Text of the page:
Five Great Bargains in T206 Commons
The T206 set has many great finds that can be bought for low prices
There are all sorts of keys in the T206 set. Most of those are Hall of Famers, superstar players, and shortprints. But there are also some good finds to be had among the lower-priced cards.
Some of those are the cards with lower numbers on the population reports, that I outlined here. Here are a few others that are worth watching. There are many others that can be added to this list so perhaps a follow-up article will be warranted.
Ed Abbaticchio is not a household name by any means. Further, his nine-year career and career .254 batting average don’t jump out and make you believe his cards are great finds.
However, Abbaticchio is important as he is recognized as the first major leaguer of Italian ancestry. Strike that — he was the first major leaguer and first professional football player of Italian ancestry.
In addition to being a baseball player, he was also an early professional football player, suiting up in the late 1800s and early 1900s with the Latrobe Athletic association. His Wikipedia page mentions that he is credited with developing the spiral punt to allow the ball to go farther.
As an added bonus, Abbaticchio’s cards are the first ones in the unnumbered T206 set if you arrange the cards alphabetically. He is found on two cards and both are the price of commons.
Gavvy Cravath is another mostly unknown outside of pre-war collector circles. But make no mistake, he was a star player.
Cravath’s name may not be remembered too much today but he was one of the more feared power hitters of his time. He not only led the league in home runs but did it six times in a seven-year span. The first four times he did it, he actually led the entire major leagues in long balls.
But Cravath was more than a deadly power hitter. In 1913, his 179 total hits led the league. That year, he also led the league in runs batted in (128), slugging percentage (.568), OPS (.974), and total bases (298). That season nearly led him to the Most Valuable Player award as he finished second to Jake Daubert. During his career, he would lead the league in other categories as well, including runs and walks in 1915.
The good news is that his card won’t cost you more than the price of a common.
Harry Davis is another player who hasn’t really seen huge spikes in his cards. Still, he was an above average major leaguer, which led to a 22-year career.
Davis led the league in hoe runs four straight years from 1904 through 1907 and led the league in doubles three times (twice, he led the entire majors in both of those categories).
As a young player in the late 1800s, he led the league with an amazing 28 triples and he was the back to back RBI champion in the American League in 1905 and 1906. And as if all of that wasn’t enough, he won two World Series titles with the Philadelphia Athletics.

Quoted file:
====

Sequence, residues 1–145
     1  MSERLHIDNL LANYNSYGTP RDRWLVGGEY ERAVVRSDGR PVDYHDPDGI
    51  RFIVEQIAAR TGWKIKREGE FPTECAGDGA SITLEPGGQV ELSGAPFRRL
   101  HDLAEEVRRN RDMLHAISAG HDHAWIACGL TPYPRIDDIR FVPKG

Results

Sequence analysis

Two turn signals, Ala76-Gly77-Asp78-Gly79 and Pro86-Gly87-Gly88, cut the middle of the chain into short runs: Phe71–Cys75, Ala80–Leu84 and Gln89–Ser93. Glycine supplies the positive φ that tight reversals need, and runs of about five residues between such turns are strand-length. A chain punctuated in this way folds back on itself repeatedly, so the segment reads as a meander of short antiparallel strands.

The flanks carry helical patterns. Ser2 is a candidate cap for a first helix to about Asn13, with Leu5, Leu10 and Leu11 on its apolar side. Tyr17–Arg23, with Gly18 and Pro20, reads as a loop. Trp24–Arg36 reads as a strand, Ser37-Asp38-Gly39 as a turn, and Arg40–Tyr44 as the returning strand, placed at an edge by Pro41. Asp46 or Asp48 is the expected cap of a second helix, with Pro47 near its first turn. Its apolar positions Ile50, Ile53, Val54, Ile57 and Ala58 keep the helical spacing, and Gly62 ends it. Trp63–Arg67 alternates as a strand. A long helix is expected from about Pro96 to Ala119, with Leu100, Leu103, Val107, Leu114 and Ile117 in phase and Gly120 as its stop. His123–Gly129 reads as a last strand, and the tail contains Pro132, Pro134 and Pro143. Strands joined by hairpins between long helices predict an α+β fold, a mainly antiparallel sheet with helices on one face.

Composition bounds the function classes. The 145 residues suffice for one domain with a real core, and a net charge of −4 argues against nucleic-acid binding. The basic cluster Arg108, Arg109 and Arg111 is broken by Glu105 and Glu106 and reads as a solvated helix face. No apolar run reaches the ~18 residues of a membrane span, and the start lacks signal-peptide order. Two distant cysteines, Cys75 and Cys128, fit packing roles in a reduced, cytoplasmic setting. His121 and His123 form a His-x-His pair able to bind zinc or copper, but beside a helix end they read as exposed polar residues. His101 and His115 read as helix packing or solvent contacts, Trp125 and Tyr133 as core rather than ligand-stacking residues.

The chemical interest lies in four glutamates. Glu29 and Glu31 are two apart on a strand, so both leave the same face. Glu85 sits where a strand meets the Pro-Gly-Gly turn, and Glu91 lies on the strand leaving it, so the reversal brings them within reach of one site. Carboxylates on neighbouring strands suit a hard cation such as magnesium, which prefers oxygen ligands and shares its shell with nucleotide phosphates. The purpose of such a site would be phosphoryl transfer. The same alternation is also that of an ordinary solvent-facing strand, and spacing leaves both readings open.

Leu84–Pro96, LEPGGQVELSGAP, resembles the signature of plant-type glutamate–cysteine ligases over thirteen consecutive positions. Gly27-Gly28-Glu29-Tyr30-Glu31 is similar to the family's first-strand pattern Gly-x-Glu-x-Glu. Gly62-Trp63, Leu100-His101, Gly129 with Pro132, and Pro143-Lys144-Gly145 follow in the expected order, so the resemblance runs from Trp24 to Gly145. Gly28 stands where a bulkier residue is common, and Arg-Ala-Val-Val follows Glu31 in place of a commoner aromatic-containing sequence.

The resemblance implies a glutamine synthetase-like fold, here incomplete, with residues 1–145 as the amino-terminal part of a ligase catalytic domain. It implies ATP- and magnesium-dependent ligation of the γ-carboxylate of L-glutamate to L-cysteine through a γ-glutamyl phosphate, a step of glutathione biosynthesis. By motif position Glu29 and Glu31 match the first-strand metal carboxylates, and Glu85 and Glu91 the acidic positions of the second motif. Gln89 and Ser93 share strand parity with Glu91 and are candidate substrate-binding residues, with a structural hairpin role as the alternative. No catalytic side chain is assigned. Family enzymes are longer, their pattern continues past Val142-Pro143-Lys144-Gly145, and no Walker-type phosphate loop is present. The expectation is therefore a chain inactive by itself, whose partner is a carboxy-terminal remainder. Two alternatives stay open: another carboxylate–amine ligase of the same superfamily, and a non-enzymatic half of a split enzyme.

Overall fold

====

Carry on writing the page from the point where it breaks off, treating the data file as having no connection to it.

Davis’ name carries some clout but his cards are still not hard to find at either common prices or slightly above those. He has two cards in the set and neither will cost you all that much.
When you think of early aces, most collectors would probably named Cy Young, Christy Mathewson, or Walter Johnson. But while George Mullin’s name isn’t usually mentioned in the same breath as those players, he was a very good pitcher in his own right.
Mullin won 228 games over a 14-year career, mostly with the Detroit Tigers. He won 20 games five different times and nearly did so two other years, winning 19 in 1903 and 18 in 1911. In 1909, he was outright dominant with a 29-8 record and 2.22 ERA.
He was also one of the stars of a Detroit Tigers team that went to three straight World Series in 1907, 1908, and 1909. The Tigers lost all three of those series’ but Mullin can hardly be blamed as he had a 1.86 postseason ERA in those contests, pitching six complete games in all six of his starts.
One of Mullin’s cards will cost you more than a common since it’s one of the six horizontal cards found in the set and those are a little pricier. But both of his cards are cheap and considered to be commons by most standards.
Wildfire Schulte is a player I’ve written about before. He isn’t a household name by any means but has a bit of a following in pre-war circles. Despite that, his cards are all relatively cheap by comparison.
Schulte’s greatest seasons were in 1910 and 1911. Those years, he led the league in home runs each time, also batting .300 in each season. His 1911 season, in particular, was when he really became known. That year, he led the league in round trippers, runs batted in, slugging percentage, and total bases. That was enough to win him the National League Most Valuable Player award.
Schulte has two cards in the set and neither will cost you very much in low-grade condition. His front facing card commands a bit more money but both are in the ballpark of a common.
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